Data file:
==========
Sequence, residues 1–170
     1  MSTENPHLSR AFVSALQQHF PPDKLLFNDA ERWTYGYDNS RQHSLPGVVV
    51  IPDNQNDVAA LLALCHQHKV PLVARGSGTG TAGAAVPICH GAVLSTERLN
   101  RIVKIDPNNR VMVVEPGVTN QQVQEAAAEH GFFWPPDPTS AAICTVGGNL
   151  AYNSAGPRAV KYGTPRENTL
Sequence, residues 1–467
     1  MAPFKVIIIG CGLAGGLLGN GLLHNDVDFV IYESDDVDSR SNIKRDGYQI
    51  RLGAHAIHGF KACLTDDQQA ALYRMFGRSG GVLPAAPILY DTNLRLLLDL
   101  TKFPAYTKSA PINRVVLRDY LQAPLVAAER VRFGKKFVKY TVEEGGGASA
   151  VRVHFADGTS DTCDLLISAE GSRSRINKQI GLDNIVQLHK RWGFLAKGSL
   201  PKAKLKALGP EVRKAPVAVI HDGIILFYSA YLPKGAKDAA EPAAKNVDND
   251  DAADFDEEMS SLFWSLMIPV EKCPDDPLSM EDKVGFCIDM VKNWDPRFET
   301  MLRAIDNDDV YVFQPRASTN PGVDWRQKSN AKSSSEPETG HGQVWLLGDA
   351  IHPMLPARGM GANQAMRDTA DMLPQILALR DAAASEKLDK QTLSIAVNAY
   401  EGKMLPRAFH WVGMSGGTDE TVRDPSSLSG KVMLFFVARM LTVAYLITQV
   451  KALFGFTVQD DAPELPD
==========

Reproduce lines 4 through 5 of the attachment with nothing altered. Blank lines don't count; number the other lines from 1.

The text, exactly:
   101  RIVKIDPNNR VMVVEPGVTN QQVQEAAAEH GFFWPPDPTS AAICTVGGNL
   151  AYNSAGPRAV KYGTPRENTL